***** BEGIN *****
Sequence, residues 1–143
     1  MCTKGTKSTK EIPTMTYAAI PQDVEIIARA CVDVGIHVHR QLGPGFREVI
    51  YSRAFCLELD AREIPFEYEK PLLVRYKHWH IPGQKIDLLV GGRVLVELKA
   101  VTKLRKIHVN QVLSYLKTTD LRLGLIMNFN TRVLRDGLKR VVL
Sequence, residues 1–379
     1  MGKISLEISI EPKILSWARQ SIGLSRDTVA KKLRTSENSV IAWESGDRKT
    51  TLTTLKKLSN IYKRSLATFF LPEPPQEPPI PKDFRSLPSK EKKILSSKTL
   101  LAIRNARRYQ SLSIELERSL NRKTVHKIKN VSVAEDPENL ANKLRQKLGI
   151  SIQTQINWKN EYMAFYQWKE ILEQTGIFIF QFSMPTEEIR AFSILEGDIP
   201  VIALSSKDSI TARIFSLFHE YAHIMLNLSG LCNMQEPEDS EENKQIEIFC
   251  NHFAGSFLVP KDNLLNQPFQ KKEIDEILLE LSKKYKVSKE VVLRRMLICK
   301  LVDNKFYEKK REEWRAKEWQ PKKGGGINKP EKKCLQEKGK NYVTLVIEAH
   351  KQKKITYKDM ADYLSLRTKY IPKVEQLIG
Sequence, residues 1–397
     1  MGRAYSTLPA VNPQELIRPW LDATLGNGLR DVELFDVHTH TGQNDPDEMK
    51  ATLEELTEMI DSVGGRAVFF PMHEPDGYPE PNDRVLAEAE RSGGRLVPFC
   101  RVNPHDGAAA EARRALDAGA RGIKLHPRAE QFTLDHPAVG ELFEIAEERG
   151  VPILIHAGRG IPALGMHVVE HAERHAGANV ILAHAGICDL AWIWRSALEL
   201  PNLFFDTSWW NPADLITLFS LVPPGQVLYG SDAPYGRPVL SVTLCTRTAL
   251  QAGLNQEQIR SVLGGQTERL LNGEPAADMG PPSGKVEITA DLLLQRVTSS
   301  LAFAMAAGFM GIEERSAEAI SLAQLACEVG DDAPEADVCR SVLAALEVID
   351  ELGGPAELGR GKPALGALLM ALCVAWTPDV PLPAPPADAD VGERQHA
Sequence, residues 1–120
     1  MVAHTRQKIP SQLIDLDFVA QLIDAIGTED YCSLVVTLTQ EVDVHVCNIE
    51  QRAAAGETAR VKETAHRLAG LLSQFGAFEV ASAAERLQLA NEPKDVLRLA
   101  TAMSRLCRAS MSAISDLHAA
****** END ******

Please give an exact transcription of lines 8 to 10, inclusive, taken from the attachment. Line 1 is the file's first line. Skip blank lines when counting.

   101  LAIRNARRYQ SLSIELERSL NRKTVHKIKN VSVAEDPENL ANKLRQKLGI
   151  SIQTQINWKN EYMAFYQWKE ILEQTGIFIF QFSMPTEEIR AFSILEGDIP
   201  VIALSSKDSI TARIFSLFHE YAHIMLNLSG LCNMQEPEDS EENKQIEIFC